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The design of the E8420 is nothing to write home about, but it's functional. The outside is matte black, while the inside is a dull, stormtrooper grey. Once you open the notebook up you will find a keyboard, which is a good size, flanked by speakers. The keyboard bends slightly when you type, making the laptop seem flimsy.
The 15.4-inch display has a native resolution of 1,280x800. It's also glossy, meaning it's reflective and difficult to see in bright light. For this reason we prefer a matte display. On the right-hand side above the keyboard is an LCD screen that shows information including battery charge, wireless status and hard drive access. Port options on the E8420 are lacklustre. On other Centrino 2 notebooks we have seen eSATA ports and USB ports that allow you to charge accessories even when the notebook is switched off. The E8420 features neither.
What you will find is a range of standard ports; a modem and two USB ports, 3.5mm headphone and microphone jacks, a FireWire IEEE 1394 port and a PC Card Type II slot. On the back of the E8420 you will find two more USB ports, gigabit Ethernet, a serial and parallel port. There is also an HDMI port, a nice but curious inclusion on a business laptop. On the right-hand side you will find a hot-swappable optical drive, which can be replaced with an extra battery.
One thing we like about the design is the inclusion of five numerical buttons next to the power button that provide shortcuts to various different programs. The buttons can be customised from the control panel, allowing you to create shortcuts to any application you desire.
Another nice feature is the inclusion of a dust filter on the underside of the laptop next to the CPU fan, which you can click out and clean when necessary. While this is handy, the filter itself is simply a plastic grille, it contains no mesh so its ability to trap fine dust is limited.
The E8420 is the first Centrino 2 notebook we have seen from Fujitsu, although a whole pile of offerings have been coming out from competitors such as Dell, Lenovo and HP. The Centrino 2 certification means that the laptop should consume less power, have improved wireless, processing and graphics performance.
Despite its dull appearance, the E8420 is a great performer, thanks to an Intel Core 2 Duo E8600 at 2.4GHz and 2GB of RAM. There is a spare RAM slot so you can upgrade to 4GB. If you do upgrade, make sure you have a 64-bit version of Vista, otherwise just get 3GB.
In order to test the battery we set screen brightness to 50 per cent and then played a DVD. This gave us a battery life of two hours and 20 minutes, a good result. The addition of a battery in the optical drive tray should give this laptop great battery performance.
Speaking of performance, you won't be disappointed by the E8420. Our device achieved a very healthy PCMark05 score of 5365, meaning this device should meet the requirements of most demanding office environments. HDD access was particularly quick, and our laptop included a 250GB SATA drive. There is also a 1.3-megapixel webcam mounted on top of the display.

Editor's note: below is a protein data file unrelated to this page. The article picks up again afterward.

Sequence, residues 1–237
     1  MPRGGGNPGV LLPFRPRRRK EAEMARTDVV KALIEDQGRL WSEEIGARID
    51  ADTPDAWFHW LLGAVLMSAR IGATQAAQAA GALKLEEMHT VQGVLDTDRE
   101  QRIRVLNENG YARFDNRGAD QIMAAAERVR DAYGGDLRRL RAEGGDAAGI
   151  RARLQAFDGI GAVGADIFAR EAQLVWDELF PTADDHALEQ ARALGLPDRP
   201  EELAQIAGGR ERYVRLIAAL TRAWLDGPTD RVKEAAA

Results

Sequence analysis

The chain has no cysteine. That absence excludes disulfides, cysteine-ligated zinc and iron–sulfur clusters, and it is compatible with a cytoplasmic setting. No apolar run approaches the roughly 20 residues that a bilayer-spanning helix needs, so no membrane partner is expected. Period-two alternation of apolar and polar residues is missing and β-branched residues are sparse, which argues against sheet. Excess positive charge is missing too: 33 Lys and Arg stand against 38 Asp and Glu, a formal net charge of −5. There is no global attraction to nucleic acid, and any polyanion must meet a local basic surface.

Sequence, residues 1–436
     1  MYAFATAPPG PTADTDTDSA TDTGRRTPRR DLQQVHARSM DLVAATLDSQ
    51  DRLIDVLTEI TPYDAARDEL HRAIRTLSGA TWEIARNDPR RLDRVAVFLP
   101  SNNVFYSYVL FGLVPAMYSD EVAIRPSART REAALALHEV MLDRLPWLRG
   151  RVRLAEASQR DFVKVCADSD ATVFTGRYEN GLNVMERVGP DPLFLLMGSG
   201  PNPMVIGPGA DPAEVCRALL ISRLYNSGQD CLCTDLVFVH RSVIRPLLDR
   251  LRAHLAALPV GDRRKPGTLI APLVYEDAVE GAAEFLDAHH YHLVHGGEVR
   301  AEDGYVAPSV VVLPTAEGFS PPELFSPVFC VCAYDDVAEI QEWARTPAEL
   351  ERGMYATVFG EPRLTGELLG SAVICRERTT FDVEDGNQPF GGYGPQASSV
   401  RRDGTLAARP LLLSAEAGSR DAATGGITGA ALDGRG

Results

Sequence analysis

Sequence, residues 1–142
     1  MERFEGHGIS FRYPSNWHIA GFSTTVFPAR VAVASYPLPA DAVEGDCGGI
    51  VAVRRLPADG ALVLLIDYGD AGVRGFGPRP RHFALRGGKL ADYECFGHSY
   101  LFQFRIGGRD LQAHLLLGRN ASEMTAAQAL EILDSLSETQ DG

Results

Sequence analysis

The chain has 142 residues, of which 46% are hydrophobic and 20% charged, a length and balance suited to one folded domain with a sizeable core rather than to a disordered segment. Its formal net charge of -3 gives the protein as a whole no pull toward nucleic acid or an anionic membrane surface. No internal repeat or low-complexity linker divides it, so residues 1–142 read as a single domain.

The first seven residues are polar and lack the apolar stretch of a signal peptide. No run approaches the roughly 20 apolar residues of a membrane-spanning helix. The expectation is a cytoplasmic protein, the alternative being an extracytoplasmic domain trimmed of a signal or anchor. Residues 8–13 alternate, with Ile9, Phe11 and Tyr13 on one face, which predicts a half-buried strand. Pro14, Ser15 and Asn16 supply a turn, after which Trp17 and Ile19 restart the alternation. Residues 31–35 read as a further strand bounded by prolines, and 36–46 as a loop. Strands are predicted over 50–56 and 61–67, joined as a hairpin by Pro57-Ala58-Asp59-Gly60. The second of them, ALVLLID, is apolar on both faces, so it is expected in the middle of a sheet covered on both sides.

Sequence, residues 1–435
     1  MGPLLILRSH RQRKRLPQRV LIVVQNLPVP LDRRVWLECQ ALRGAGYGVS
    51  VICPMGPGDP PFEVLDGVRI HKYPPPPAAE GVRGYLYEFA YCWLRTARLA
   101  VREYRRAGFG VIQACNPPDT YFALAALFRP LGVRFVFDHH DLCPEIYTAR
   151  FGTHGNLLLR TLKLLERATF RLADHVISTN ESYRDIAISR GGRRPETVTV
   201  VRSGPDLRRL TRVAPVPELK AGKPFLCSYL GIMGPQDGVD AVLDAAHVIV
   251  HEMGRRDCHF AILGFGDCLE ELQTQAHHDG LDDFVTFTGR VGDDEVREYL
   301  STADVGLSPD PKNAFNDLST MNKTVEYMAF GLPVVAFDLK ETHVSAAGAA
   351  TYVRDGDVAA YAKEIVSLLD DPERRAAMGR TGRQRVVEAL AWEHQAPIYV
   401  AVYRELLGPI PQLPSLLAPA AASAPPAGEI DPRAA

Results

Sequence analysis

The E8420 also came with discrete graphics in the form of an Nvidia GeForce 9300M, which includes 256MB of dedicated graphics memory. We're mixed about dedicated graphics cards on business laptops, because the additional processor and memory reduces battery life, and for non-gaming applications a high-end Nvidia card is overkill. They also markedly increase price. On a positive note, they also make for great graphics performance, the E8420 gave a 3DMark06 score of 2208.
Pre-installed demo software, also known as "crapware", seems to be part and parcel of laptops and desktops these days. Along with Windows Vista Business and the prerequisite drivers, our laptop included CyberLink PowerDirector, Sun Java, Adobe Flash Player, a 60-day trial of Microsoft Office, OmniPass, and the Roxio DVD creator.
A range of software also came with E8420 on DVD but not installed, including Norman Internet Security Suite 7, Acronis True Image 10.0, drivers and factory settings restore disks. Normally laptop vendors include a few pieces of additional software, but Fujitsu seems to have included a whole bag. We much prefer to see business laptops come with a minimum of pre-installed software.
The E8420 also comes with a small mouse and a carry case. We like both accessories, but they are superfluous and push the overall notebook price up. Users with large hands might also find the mouse uncomfortably small.
The LifeBook E8420 is a solid machine, with good battery life and performance, but we're still disappointed. Firstly, the E8420 lacks a lot of the features we have seen in the Centrino 2 releases from competitors, such as eSATA, USB charging when the laptop is switched off and the option of an SSD.
Finally the price, at AU$2299, is a real deal breaker. Equivalent offerings from Dell, Sony and Asus all come in a little cheaper, and in some cases offer more features and better performance.
The most likely culprits for this price hike are the discrete Nvidia graphics card, carry case and mouse. However, we see these as unnecessary extras — while a valuable addition like eSATA are noticeably absent. For this reason, we can't recommend the LifeBook E8420.